If you read this and feel the need to defend those programs please move on because I am not interested šŸ™‚

I missed my post yesterday. The least busy day of my week and I spent it researching and watching a movie and reading and relaxing and completely forgot to write. Funny how that happens.

I wonder often if the expectations I have for myself are at times too great. I want to have these great lessons in this beautiful literacy-rich classroom and some days things don’t go according to play.

It is ok. Today is short and sweet. It is ok to not always be adding to the highlight reel some days we are just working on the practice film šŸ™‚

March 2, 2019, Post 2 #SOL19

Gym Thinking

I start every morning but Sunday in the gym, by morning I mean I am there between 5:00-5:30 6 days a week for about an hour. Saturdays are my favourite because I can work out a bit longer. Today was a leg and shoulder day. As I moved into my squats I had this little pain in my knee. I ignored it and continued to work out, switching to another type of movement and the pain increased a bit. I rested a bit and returned to my activity but the pain soon returned.

I got to thinking about how we ignore little pains, little annoyances until they get bigger and then perhaps at that point we are too late. I look at the classroom and how we might have an issue with behaviours or academics that we ignore because they start small, how if we just paid more attention to them in their starting phases we wouldn’t have catastrophic damage to repair later.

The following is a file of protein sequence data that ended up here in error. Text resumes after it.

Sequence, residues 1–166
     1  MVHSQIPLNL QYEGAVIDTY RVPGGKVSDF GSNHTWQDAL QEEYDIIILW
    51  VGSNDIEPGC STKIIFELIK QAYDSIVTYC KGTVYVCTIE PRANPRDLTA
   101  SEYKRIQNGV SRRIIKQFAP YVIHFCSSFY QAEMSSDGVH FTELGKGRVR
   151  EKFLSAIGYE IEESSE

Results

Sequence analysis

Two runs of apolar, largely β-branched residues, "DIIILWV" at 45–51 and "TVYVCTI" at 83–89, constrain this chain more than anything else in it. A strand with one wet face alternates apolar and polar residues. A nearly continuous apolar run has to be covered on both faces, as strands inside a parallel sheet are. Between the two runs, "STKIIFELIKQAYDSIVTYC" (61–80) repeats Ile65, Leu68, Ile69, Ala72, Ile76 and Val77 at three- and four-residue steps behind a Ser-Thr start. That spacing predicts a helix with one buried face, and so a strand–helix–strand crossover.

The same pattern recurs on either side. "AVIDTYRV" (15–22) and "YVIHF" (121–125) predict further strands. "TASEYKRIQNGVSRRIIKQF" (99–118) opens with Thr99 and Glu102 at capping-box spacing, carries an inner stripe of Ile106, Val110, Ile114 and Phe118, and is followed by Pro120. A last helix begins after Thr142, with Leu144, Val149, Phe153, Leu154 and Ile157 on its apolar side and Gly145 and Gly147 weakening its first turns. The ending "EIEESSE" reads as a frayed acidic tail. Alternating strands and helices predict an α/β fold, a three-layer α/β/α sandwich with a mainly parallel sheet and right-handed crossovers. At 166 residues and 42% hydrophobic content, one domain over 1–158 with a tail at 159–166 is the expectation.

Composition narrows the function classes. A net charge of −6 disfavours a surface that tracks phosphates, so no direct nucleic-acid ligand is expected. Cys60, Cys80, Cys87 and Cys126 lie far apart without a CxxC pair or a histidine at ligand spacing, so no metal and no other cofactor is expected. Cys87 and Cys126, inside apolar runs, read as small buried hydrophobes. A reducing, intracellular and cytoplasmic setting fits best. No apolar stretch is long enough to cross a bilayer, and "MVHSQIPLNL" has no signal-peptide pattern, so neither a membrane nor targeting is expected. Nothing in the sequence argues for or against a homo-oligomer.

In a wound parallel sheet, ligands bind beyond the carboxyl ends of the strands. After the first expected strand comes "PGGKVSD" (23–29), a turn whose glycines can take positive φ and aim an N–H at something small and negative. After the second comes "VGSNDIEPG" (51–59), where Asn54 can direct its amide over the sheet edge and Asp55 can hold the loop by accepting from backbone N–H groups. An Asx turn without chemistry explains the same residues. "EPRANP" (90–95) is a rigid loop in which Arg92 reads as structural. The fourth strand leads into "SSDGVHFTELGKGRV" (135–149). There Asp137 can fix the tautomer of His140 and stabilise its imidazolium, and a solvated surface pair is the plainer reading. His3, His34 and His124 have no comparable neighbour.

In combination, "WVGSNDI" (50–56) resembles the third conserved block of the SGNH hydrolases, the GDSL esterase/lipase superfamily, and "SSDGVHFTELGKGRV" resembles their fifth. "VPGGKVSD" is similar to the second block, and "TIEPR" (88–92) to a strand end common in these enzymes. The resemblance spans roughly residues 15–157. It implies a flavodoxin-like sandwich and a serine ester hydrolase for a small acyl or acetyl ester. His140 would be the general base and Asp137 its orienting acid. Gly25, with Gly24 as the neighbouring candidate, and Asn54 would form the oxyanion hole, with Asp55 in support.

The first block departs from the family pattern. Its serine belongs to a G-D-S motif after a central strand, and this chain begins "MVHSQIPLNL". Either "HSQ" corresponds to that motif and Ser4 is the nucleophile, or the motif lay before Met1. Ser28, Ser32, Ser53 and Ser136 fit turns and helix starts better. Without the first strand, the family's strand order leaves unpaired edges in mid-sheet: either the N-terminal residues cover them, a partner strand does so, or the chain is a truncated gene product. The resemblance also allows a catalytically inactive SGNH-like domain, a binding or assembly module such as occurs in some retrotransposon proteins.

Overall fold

I look at the simple interventions we might put into the classroom as so easy that we sometimes take them for granted. Rest and relaxation give the body time to heal just like small changes in other areas when trouble starts to develop can reset the course and make things right.

It is March 2nd and the coldest day we have had so far this winter. The promise of warmer weather is on the horizon. So much connection in all the thinking today I have been doing but the down feeling I had today could really be due to this obnoxious Arctic air mass. Gratitude for a warm home and Gym.

Until tomorrow. #sol19

Ok, so this is my second kick at the Slice of Life Challenge. The idea is to write every day in the month of March. It doesn’t have to be long just a chance to write. I love writing on the blog and getting my thoughts out there but some days I struggle to find a message I think is worthy to be out there. Some days this month it might be just a quick thought or reflection and others, like today, might be a bit of a deeper dive.